- Clay: Also known as terracotta, you often can find used tiles as the tiles tend to outlast the buildings that they shelter. Like concrete, however, you may need to install reinforcing structures because clay weighs in at 600-900 lbs. per square. This roof often is considered the best choice from a water quality perspective.
- Concrete: Concrete roofs last a long time, and this is a good thing because the manufacture of concrete tile requires a large amount of energy to produce. Plus, you may need extra structural support, as the weight of concrete may strain your existing supports. Finally, your concrete roof may need to be waterproofed to ensure a long-lasting roof.
- Recycled or certified wood shake: Wood shake roofs are environmentally friendly, especially if they’re made from responsible harvests, including FSC-certified products. Storm-damaged trees and older wood left over from previous harvests resists rot, but some wood still may not fare well in areas with heavy rain and/or snowfall.
- Slate: Outside of clay, this is one of the most water-quality-friendly choices for your roof. Although expensive, 100-year warranties aren’t uncommon. Additionally, slate goes from quarry to roof with minimal processing. But, since most of the slate quarries are located in the northeast U.S., transportation would prove non-friendly to the environment for west coast residents. Additionally, some slate is produced abroad; before you purchase, you might want to learn about the slate’s origins. Like clay and cement, slate may require extra structural support, as it weighs as much as terracotta. Slate roofing has been in use in this country since before the Revolutionary War, so search for used or recycled slate tiles to save money.
- Go totally green: Ecoroofs have captured the minds of city officials as well as organic hippies. Ecoroofs are vegetated roof systems used in place of a conventional roof. Cost estimates come in at approximately twice per square foot of a quality metal roof, but this cost can vary depending upon roof design and your willingness to participate in labor. Over the long term, however, the extended life span of a green roof makes this option extremely competitive. Plus, some homeowners may find city incentives to ‘grow’ a green roof, an option that provides great insulation, treats rainwater with respect, and may extend the space for your garden!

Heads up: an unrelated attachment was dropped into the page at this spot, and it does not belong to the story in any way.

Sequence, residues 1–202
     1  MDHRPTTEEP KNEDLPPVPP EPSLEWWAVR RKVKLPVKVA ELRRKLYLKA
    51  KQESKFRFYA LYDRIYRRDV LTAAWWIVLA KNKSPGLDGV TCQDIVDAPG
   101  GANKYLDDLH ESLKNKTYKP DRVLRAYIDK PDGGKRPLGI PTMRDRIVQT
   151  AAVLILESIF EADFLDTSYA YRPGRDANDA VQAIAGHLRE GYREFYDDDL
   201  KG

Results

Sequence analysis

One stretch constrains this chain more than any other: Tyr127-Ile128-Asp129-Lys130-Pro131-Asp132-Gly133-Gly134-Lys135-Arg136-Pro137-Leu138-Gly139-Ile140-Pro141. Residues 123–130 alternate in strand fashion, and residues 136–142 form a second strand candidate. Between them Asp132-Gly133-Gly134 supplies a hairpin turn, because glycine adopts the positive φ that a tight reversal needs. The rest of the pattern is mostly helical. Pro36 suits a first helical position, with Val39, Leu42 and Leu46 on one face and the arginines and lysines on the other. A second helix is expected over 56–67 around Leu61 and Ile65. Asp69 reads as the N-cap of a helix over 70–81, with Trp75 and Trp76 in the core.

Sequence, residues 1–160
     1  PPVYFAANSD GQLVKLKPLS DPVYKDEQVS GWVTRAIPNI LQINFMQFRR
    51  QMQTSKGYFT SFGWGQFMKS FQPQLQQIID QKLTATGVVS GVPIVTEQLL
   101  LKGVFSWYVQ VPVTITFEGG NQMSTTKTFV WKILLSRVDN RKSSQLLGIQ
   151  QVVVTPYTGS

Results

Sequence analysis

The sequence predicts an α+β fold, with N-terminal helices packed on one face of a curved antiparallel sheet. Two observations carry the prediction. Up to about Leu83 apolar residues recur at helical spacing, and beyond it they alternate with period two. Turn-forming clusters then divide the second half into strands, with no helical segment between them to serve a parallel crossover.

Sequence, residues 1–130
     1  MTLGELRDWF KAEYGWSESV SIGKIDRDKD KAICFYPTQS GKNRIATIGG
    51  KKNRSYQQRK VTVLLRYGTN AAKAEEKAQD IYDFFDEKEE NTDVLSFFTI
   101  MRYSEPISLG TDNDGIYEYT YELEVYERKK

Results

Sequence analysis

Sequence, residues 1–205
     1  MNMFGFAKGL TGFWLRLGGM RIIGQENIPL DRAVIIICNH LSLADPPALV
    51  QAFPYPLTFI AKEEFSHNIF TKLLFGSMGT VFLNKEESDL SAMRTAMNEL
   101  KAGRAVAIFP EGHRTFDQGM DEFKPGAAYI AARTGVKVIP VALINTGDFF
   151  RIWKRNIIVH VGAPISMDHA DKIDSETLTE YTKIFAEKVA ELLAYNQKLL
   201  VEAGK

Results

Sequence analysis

- Collect rainwater: You probably wondered about the “water-quality” notes in the roofing materials above. This is the deal – not only does excessive amounts of rainwater get wasted as it’s diverted into storm or sewer systems, it also damages local natural water resources. However, if you collect that rainwater, you can store it for later use. Yes, you can use rain barrels; but a better option might be a cistern that can hold from several hundred to thousands of gallons of water. This amount of water is enough to reduce or even eliminate the need to use municipal water for landscaping, especially if you landscape wisely. Learn more from the Texas Manual on Rainwater Harvesting [PDF].
Wall decoration and protection choices are extensive, but many of your choices could be based upon whether you plan to stay in that home or if you plan to sell sometime soon. In the latter instance, staging is important, and good staging advice includes the use of neutral paints. But, if you plan to pass that house on to the grandkids, you can use many options, including recycled wallpaper and tiles and more.
- Get the lead out: If you own an older home (built before 1978, for instance), it almost certainly will contain some lead-based paint. The presence of this paint makes renovation and repainting hazardous. Before you begin to paint, visit the U.S. Environmental Protection Agency (EPA) information site and download their fact sheet [PDF] on “Remodeling or renovating a home with lead-based paint.” You can also order it by calling (800) 424-LEAD (5323). Additionally, The Washington Toxics Coalition also offers an excellent fact sheet [PDF], “Reducing Exposure to Lead in Older Homes,” which has a specific section on remodeling and paint removal.
- Indoor paint: Some people are especially sensitive to various compounds found in paints, such as formaldehyde, chemical preservatives and fungicides. It’s best for your green remodel that you avoid any paints with the words, “poison” and “warning” on the labels. Instead, use eco-friendly paints that contain low or no levels of VOCs that can cause eye or skin damage. The advantage is that they’re odorless, and these paints may actually improve the overall air quality since they’re safe for the environment. You can find these paints in a variety of colors, and they’re cost efficient.
- Do it right the first time: Learn more about the types of paint available and what to use indoors and outdoors. Then, choose your brushes and rollers accordingly. Choose colors carefully, so you don’t waste time, money, and the environment with extra purchases. You can find great tips on painting and the tools you’ll need through an online brochure [PDF] produced by Seattle, Washington’s Department of Planning and Development.